10 truths: Curling

Team GB’s women have already secured a bronze at Sochi 2014 and the men go for gold later today. Here are 10 things about the sport that will help you cheer on the curlers…

Curling Stones

1) The origins of the sport are unclear but it can be traced to Scotland in the 16th century. The Dutch are considered an early adopter of curling, most likely picked up by traders visiting Scotland.

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2) The building of the Mayflower Curling Club, Halifax, on the east coast of Canada, was put to a different use in 1912. In the days after the Titanic disaster, the recovered bodies were brought to Halifax. As it was the only building large – and cold – enough in the city, the Mayflower Country Club was used as a temporary morgue.

3) Curling is known as ‘The Roaring Game’, a reference to the noise of the stone as it slides along the ice.

4) Curling appeared in the inaugural Winter Olympics in 1924, but only as an exhibition sport. Only men were allowed to play and Britain took home the gold. Sweden came in second and France, third. It did not become an official event until the 1998 games in Nagano, Japan.

5) The oldest known curling stone has the date 1511 on it. It is nothing more than a smoothed rock – not the professional stones used today.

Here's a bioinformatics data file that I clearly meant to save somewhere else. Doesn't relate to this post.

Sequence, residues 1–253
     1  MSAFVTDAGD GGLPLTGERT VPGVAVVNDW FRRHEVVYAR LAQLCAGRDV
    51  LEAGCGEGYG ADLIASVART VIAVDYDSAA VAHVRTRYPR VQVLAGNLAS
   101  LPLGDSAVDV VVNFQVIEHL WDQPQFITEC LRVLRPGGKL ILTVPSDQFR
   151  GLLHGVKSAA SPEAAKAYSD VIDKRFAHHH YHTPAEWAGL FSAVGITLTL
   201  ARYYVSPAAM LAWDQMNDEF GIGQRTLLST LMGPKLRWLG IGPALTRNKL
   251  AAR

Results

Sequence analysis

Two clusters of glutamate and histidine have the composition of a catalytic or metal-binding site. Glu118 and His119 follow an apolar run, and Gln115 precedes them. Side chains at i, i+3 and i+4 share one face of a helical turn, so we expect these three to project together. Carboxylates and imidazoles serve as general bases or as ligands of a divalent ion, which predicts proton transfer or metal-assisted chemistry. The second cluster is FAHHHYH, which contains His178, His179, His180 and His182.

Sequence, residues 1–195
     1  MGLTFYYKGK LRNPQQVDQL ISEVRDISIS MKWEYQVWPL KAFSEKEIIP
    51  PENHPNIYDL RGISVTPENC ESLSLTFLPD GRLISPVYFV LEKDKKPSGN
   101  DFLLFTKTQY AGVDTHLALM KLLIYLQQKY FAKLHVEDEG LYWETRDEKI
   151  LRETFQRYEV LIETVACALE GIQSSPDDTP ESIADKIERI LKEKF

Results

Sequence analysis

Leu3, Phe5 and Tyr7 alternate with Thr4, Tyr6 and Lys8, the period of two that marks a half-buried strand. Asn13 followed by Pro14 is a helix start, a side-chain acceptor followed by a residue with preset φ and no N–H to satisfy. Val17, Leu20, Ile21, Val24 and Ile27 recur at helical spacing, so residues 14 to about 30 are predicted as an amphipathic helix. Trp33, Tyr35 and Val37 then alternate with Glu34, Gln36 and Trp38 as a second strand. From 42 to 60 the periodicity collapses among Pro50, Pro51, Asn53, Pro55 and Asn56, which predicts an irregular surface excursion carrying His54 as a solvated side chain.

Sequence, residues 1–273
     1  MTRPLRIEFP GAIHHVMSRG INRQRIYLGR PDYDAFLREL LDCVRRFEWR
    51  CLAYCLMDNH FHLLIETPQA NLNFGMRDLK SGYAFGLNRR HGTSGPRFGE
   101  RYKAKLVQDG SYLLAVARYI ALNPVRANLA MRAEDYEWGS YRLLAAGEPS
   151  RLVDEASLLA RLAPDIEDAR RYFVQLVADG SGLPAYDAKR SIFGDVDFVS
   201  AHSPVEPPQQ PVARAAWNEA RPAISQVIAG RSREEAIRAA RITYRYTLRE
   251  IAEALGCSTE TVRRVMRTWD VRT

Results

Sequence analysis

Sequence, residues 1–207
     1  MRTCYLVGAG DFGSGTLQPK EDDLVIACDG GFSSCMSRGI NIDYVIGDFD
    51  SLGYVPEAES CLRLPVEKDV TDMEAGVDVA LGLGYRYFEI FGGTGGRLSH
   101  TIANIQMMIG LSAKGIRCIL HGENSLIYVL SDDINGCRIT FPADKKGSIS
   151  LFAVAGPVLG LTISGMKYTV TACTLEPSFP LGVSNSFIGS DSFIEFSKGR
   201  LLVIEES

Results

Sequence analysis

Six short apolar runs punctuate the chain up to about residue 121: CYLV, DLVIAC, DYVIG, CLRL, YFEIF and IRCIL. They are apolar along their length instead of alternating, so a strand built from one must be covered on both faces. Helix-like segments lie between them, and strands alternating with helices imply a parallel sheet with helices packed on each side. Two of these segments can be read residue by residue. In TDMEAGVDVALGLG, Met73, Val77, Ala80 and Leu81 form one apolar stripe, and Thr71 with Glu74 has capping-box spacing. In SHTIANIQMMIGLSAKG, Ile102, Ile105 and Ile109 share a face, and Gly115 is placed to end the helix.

6) Modern curling stones are made from two particular types of granite, found in only two places – the Scottish island of Ailsa Craig and the Trefor Granite Quarry in Wales.

7) John McQuhin, a notary at Paisley Abbey, penned the first written evidence for a curling game. In 1541, his account in Latin tells of a challenge between monk John Slater and Gavin Hamilton, a representative of the Abbot. He doesn’t say who won, however.

8) Before indoor ice rinks, curling competitions in Scotland took place on frozen lochs.

9) Queen Victoria was treated to a demonstration of curling by the Earl of Mansfield during a visit to Scone Palace, near Perth in Scotland, in 1842. The demonstration didn’t take place on ice, but on the ballroom floor. Victoria was amused by the sport so much that the Grand Caledonian Curling Club – the sport’s first governing body – was granted the new name of the Royal Caledonian Curling Club.

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10) In the 1970s, Canadian curler Paul Goswell – two-time World Junior Curling Champion – became a celebrity in the sport for his eccentric behaviour. He gained the nickname Pizza Paul after ordering a pizza to be delivered to the ice during a match. An apocryphal tale of this incident says that Pizza Paul and his team lost the match because one of their stones hit a stray olive on the ice.